Queenswell Infant & Nursery School


Name Queenswell Infant & Nursery School
Website http://www.queenswellinfantandnurseryschool.co.uk/
Ofsted Inspection Rating Good
Inspection Date 23 April 2012
Address Sweets Way, Whetstone, London, N20 0NQ
Phone Number 02084450524
Type Primary
Age Range 3-7
Religious Character Does Not Apply
Gender Mixed
Number of Pupils 264 (50% boys 50% girls)
Number of Pupils per Teacher 21.8
Local Authority Barnet
Percentage Free School Meals 19.9%
Percentage English is Not First Language 65.5%

Information about the school

Queenswell Infant School is larger than most infant schools. The proportions of pupils from minority ethnic backgrounds and those known to be eligible for free school meals are well above average. Over half the pupils speak English as an additional language and approximately 6% are at an early stage of language acquisition. The proportion of pupils supported by school action plus or with a statement of special educational needs is average. The school has a number of accreditations including the Artsmark and the Inclusion Quality Mark. A daily breakfast club and after-school club are operated by an external provider and are not part of this inspection. Since the previous inspection, there have been substantial changes to staffing and the leadership team, including the appointment of a new headteacher who took up her post in January 2011.

Key findings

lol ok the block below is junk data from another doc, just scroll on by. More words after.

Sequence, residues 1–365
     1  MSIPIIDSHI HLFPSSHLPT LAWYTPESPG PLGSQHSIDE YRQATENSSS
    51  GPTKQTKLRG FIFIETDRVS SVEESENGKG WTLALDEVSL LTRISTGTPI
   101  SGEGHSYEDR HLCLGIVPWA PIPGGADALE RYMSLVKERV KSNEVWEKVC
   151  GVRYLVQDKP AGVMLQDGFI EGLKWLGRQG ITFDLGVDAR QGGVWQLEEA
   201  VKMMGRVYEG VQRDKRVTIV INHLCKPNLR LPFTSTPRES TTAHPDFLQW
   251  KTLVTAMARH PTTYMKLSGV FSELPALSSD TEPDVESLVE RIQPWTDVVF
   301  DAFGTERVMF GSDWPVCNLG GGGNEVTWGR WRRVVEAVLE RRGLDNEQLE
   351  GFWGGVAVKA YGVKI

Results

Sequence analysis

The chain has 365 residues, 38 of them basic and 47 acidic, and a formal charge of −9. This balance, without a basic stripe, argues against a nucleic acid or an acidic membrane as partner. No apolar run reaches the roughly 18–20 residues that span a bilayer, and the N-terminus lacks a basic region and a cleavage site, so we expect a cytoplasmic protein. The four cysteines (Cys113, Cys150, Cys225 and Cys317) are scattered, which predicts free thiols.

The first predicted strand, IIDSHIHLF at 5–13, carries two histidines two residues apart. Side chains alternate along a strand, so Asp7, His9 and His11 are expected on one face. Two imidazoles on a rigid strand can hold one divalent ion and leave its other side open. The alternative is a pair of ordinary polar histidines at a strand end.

This is a good school. The school is not yet outstanding because, although pupils make good progress and do particularly well in reading and writing, teaching is not consistently good enough to ensure pupils make outstanding progress. Pupils do not have enough opportunities across different subjects to develop outstanding numeracy skills and to reach the higher levels for their age by the end of Year 2. Achievement is good. From well below expected starting points, pupils make good and sometimes outstanding progress so that by the end of Year 2, attainment is above average in reading and writing and broadly average in mathematics. There are no significant or consistent differences between the achievements of any groups of pupils other than for the more able in mathematics. Pupils and their parents and carers confirm that pupils feel very safe, behave well and develop very positive attitudes towards learning. Teaching is good and sometimes outstanding. In a minority of lessons, mainly in mathematics, pupils’ misconceptions are not identified and addressed quickly enough by teachers and the most-able mathematicians are not always sufficiently challenged throughout the lesson. This inhibits consistently rapid progress. Occasionally, feedback, in subjects other than writing, does not make clear to pupils what they need to do to improve their work, and pupils do not consistently respond to teachers’ comments. Good leadership and management have continued to drive improvements since the previous inspection. Leaders develop teachers’ skills well through regular and effective monitoring, performance management, personalised feedback and training. Assessment information is used effectively at termly meetings to review pupils’ progress to ensure that teachers are accountable for the progress of every pupil and that appropriate support is provided for any underachieving pupil. In this inclusive and caring learning environment, all pupils gain greatly in self-confidence because the school promotes their spiritual, moral, social and cultural development very well. The curriculum provides pupils with many enjoyable and stimulating experiences.